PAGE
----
A while ago, Burp Intruder added a bit flipping payload type, suitable for automatic testing for vulnerable CBC-encrypted session tokens and other data. If you aren't familiar with this vulnerability, take a look at The Web App Hacker's Handbook, 2nd Edition, pages 227-233, and also check out this exercise (login required) in the MDSec online training labs.
Burp Intruder now has a further payload type, suitable for automatic testing for vulnerable ECB-encrypted data. The theory behind these vulnerabilities is described on pages 224-226 of WAHH2e. Here, I'll briefly describe an example of the vulnerability, and show how it can be exploited using Burp.
ECB ciphers divide plaintext into equal-sized blocks, and encrypt each block separately using a secret key. As a result, identical blocks of plaintext always encrypt into identical blocks of ciphertext, regardless of their position within the structure. This means that it is possible to meaningfully modify the plaintext in a structure by duplicating and shuffling the blocks of ciphertext. Depending on the contents of the structure, and the application's handling of the modified data, it may be possible to interfere with application logic - for example, switching the user ID field in a structured session token, changing an encrypted price, etc.
When encrypted, using an ECB cipher, the token becomes:
The individual blocks of plaintext correspond to blocks of ciphertext as follows:
Now, because each block of ciphertext will always decrypt into the same block of plaintext, it is possible to manipulate the sequence of ciphertext blocks, and meaningfully modify the corresponding plaintext. Depending on how the application handles the modified data, this may allow you to switch to a different user or escalate privileges.
For example, if the second block is copied following the fourth block, the resulting sequence of blocks will be:
The decrypted token now contains a modified "uid" value, and also a duplicated "app" value. What happens will depend on how the application processes the decrypted token. If you are lucky, the application will retrieve the "uid" value, ignore the duplicated "app" value, and not check the overall integrity of the whole structure. If the application behaves like this, then it will process the request in the context of user 992, rather than user 218.
Now, it is possible to perform this attack manually, but this involves a lot of effort if you are working blind, without knowledge of the actual contents of the plaintext blocks. The new Burp Intruder payload type helps you to automate the process of finding and exploiting these vulnerabilities, in a much more effective way.
The configuration for the new payload type looks like this:
In the present case, we're going to tell Burp that the token contains 8-byte blocks and is encoded as ASCII hex. If you didn't know or couldn't guess this information, you could try different configurations, as this attack is normally fairly fast to run.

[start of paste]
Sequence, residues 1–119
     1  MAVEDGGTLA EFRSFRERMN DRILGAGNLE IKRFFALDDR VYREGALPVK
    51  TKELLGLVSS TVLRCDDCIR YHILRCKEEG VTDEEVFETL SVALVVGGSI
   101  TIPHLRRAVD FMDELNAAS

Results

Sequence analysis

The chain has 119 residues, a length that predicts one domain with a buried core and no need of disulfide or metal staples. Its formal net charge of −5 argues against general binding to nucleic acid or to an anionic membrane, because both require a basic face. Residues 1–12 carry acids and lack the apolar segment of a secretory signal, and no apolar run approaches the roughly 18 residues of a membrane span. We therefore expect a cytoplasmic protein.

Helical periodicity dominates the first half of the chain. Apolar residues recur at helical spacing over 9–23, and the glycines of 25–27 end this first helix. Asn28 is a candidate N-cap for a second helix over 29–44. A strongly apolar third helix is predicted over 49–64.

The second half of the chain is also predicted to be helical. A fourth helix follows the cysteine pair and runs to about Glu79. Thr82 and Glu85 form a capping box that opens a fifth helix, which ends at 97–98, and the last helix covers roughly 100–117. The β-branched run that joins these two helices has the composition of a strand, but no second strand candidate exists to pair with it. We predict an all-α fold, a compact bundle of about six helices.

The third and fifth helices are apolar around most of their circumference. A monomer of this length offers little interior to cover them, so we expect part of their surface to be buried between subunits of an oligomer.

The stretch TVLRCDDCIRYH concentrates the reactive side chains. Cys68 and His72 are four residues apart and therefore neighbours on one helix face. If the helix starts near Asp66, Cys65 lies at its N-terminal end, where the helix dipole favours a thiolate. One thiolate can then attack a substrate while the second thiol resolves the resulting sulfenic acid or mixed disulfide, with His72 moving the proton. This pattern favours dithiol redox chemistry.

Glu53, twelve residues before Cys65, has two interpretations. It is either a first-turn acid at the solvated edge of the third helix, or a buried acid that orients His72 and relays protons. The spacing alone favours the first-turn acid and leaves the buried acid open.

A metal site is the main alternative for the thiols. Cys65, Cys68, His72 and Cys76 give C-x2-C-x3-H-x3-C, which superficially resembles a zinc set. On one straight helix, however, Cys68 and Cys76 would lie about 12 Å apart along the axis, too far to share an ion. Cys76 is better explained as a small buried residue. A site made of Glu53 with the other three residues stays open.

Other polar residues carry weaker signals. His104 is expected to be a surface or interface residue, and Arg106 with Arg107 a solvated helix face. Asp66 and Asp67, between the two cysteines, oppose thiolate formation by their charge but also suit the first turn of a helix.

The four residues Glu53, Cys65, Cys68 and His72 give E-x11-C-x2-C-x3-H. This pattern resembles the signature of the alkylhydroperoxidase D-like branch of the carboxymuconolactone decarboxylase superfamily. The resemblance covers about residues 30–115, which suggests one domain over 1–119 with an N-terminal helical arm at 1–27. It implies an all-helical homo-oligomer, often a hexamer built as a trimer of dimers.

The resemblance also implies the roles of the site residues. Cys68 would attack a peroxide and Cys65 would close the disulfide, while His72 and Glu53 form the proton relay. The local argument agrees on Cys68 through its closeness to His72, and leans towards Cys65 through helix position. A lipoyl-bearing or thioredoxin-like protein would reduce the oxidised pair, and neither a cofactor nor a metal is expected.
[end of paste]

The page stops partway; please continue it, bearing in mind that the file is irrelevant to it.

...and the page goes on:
When the attack runs, Burp will split the base value into blocks, and will systematically duplicate and shuffle them, inserting a copy of each block at each block boundary. In some situations, this method alone will be sufficient to find a vulnerability. However, to make your attack more effective, you should also if possible use the further configuration "obtain additional blocks from these encrypted strings", as described below.
There is often a large element of luck involved when blindly shuffling blocks in ECB-encrypted data structures, and success often depends upon happening to find a block of ciphertext whose decrypted plaintext contains the right meaningful data when inserted into the structure (such as a number that could be a valid user ID within a session token). You can dramatically increase the likelihood of success by providing Burp with a large sample of other data that is encrypted using the same cipher and key. In the present example, you can harvest a large number of valid tokens using Burp Intruder or Sequencer, and configure the ECB block shuffler payload to use these tokens to derive additional blocks. Burp will then take all of the unique ciphertext blocks that you have provided, and use these when inserting blocks into the original data. In practice, if you can find suitable additional encrypted data, this method proves highly effective when targeting vulnerable applications.
Having used Burp Sequencer to obtain a large sample of tokens via the main application login, our configuration of the ECB block shuffler now looks like this:
To deliver the attack, we're going to target the user's account page within the application, which displays information about the logged in user (based, of course, on the supplied session token):
In order to identify the user context associated with each attack request, we're going to use the Extract Grep feature to highlight the name of the current user within the account page response:
We then start the attack and review the results. Unsurprisingly, a lot of the requests cause a redirection back to the login, because we have corrupted the format of the token. Many of the requests result in an apparently valid session, but showing "unknown user" - here, we have modified the UID to a value that does not correspond to any actually registered user. But in other requests, we are apparently logged in as a different user, including, as luck would have it, an application administrator:
A successful attack like this still requires a lot of luck, including whether and how the application tolerates modifications to the modified data, the positioning of block boundaries in relation to interesting data, and the ability to find a block containing suitable data for substitution. But the new Intruder payload type takes a lot of the pain out of testing blind for this vulnerability.